Global cooperation on technology
Climate change is a global problem that requires a global solution. Developed countries account for
the largest part of historical and current greenhouse gas emissions. However, while per-capita emissions in
developed countries are likely to stabilize (at well above the world average), the developing
countries’ annual emissions continue to rise steadily and are expected to equal those of developed
countries sometime in the early part of this century.
Developing countries will need access to climate-friendly technologies if they are to limit emissions from
their growing economies. Such technologies are essential to establishing a low-emissions industrial
infrastructure. Under the Climate Change Convention, the richest countries (essentially the OECD members)
agree to "take all practical steps to promote, facilitate, and finance, as appropriate, the transfer of,
or access to, environmentally-sound technologies and know-how to other Parties, particularly developing
country Parties, to enable them to implement the Convention."
Technology can be transferred through several different channels. The traditional channel has been
bilateral and multilateral development assistance in the form of export credits, insurance, and other trade
support. Incorporating climate change considerations into the programmes of national development offices and
multilateral development banks would also greatly increase the transfer of low-emissions technologies. The
Climate Change Convention has opened up a new channel via the government-funded Global Environment Facility
(GEF). In addition, the Kyoto Protocol establishes a Joint Implementation mechanism and a Clean Development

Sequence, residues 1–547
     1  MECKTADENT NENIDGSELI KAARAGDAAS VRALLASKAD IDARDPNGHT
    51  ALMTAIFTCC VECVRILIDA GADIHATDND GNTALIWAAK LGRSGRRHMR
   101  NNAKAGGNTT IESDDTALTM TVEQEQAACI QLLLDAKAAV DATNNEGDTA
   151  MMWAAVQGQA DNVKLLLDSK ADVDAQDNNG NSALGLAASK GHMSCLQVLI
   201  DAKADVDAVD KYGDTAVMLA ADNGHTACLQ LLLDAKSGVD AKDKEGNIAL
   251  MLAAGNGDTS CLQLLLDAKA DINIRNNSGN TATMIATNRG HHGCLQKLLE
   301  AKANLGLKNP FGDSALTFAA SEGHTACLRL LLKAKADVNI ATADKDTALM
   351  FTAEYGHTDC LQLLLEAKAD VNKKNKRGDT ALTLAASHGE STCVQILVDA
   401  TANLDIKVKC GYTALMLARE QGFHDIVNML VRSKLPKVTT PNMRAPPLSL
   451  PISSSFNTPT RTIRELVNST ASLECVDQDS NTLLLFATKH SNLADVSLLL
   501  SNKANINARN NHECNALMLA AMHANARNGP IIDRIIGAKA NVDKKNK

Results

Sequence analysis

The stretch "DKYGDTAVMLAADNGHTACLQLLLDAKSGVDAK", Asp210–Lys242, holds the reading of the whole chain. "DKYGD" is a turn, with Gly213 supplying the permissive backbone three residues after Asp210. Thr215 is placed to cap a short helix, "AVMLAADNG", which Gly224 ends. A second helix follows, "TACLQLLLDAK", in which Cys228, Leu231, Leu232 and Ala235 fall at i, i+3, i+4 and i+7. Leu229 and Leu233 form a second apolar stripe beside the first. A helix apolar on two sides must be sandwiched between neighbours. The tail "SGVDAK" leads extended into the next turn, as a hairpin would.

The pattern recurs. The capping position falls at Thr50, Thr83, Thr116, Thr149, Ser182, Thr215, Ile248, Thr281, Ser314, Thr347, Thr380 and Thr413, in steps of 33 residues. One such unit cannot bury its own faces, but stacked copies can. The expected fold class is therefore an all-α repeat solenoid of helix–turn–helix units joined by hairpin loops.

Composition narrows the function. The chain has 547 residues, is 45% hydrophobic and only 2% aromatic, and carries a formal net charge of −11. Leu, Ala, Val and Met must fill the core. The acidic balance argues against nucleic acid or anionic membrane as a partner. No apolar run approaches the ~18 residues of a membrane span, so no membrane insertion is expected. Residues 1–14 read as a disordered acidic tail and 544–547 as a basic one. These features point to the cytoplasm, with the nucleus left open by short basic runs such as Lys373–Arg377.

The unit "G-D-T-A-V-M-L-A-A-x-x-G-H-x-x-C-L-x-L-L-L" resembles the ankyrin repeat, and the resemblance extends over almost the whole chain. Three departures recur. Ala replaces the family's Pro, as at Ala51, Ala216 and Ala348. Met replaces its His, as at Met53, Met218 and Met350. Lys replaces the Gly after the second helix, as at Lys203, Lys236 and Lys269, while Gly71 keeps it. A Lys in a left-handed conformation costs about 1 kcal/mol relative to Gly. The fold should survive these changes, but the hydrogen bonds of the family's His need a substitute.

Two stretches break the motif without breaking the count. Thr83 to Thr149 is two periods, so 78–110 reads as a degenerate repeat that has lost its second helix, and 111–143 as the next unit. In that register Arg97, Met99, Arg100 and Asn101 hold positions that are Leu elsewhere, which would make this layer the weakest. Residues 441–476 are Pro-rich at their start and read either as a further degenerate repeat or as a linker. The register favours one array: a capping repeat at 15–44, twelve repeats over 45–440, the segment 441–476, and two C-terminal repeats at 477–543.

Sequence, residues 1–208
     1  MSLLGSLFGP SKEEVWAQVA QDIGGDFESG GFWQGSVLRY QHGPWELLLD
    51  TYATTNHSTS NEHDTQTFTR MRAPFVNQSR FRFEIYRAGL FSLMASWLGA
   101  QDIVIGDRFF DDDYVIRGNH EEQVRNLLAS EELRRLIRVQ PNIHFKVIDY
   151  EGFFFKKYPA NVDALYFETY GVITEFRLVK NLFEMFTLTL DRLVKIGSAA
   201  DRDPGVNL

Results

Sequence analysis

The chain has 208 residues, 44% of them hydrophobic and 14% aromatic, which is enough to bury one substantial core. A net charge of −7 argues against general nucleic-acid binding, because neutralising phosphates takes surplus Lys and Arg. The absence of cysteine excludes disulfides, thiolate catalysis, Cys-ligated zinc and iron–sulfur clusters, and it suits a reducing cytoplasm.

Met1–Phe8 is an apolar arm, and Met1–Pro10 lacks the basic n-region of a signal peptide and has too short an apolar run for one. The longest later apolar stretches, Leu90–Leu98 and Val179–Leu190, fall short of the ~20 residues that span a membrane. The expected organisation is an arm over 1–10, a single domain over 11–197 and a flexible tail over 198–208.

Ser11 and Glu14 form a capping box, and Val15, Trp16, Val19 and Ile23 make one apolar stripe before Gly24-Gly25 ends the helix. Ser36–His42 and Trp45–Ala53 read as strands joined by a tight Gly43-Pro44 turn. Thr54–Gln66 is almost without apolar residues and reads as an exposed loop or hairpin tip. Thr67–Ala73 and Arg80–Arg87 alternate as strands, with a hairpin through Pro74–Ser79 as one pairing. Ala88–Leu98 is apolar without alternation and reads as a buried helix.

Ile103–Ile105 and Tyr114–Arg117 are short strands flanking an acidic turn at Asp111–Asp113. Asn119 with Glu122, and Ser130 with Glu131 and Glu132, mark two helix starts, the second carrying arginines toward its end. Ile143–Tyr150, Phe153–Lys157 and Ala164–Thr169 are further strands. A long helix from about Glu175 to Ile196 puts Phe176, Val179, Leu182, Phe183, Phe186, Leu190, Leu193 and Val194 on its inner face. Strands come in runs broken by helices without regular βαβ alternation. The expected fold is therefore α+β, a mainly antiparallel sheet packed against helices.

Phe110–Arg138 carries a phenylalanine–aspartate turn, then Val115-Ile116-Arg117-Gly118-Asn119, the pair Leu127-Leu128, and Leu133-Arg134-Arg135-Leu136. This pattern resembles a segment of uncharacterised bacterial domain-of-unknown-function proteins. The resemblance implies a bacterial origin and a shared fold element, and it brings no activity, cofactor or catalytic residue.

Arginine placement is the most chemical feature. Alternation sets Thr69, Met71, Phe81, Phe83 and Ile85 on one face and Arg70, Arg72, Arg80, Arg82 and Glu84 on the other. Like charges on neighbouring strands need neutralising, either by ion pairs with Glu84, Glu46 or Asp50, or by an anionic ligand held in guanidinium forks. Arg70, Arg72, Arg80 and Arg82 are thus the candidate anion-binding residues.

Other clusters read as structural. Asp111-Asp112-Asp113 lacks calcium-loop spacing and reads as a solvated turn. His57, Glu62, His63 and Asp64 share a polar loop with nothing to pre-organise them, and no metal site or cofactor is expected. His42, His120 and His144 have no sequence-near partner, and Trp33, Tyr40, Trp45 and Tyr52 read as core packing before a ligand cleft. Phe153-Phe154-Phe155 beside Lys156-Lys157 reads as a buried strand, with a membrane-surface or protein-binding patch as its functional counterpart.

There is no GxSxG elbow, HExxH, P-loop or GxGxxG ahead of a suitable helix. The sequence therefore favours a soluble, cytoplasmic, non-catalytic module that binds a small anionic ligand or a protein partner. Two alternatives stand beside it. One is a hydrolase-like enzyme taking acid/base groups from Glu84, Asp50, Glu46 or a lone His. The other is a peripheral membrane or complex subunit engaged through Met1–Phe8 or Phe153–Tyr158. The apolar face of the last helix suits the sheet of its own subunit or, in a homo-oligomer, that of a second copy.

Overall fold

Mechanism to attract private and public sector funds for transferring technology and know-how to,
respectively, countries with economies in transition and developing countries.
The GEF has a critical role to play in the co-development and transfer of advanced technologies. The
GEF supports both the development and demonstration of technologies that can improve economic efficiency and
reduce greenhouse gas emissions while promoting sustainable development in developing and transition
countries. GEF projects can be used to demonstrate the technological feasibility and cost-effectiveness of
renewable energy technologies and energy efficiency options. In these cases, the GEF pays the added cost of
introducing a climate-friendly technology in place of a more polluting one.
Joint Implementation has been conceived as one way of channeling new funds into climate change
activities. JI could promote the co-development of advanced technologies and their transfer from one
developed country to another. In practice, JI will normally be carried out through partnerships between
investing companies in highly industrialized countries and counterparts in countries making the transition to
a market economy. The investing partner may provide most of the required technology and financial capital
while the host-country partner may provide the site, the principal staff, and the organization needed to
launch and sustain the project.
The Clean Development Mechanism aims to help developing countries achieve sustainable development and
contribute to the Convention’s goals. It will be guided by the Parties to the Kyoto Protocol,
supervised by an executive board, and based on voluntary participation. Project activities will result in
"certified emissions reductions" that developed countries can use to meet their own binding
emissions targets. These projects can involve private or public entities and must have measurable and
long-term affects on the host country’s emissions. Energy efficiency, renewable energy, and forest sink
projects can qualify, but developed countries are to refrain from using nuclear facilities in the CDM.
Technology transfer must be accompanied by capacity building. The delivery of new hardware alone
rarely leads to "real, measurable and long-term environmental benefits" in the host country. In
many cases it is absolutely essential to strengthen existing local institutions. This includes building
managerial and technical skills and transferring the know-how for operating and replicating new technological
systems on a sustainable basis. Without such preparation, advanced technologies may fail to penetrate the
market. Capacity building also has a role to play in ensuring that new technologies are, in the words of the
Convention, "compatible with and supportive of national environment and development priorities and
strategies, [and] contribute to cost-effectiveness in achieving global benefits."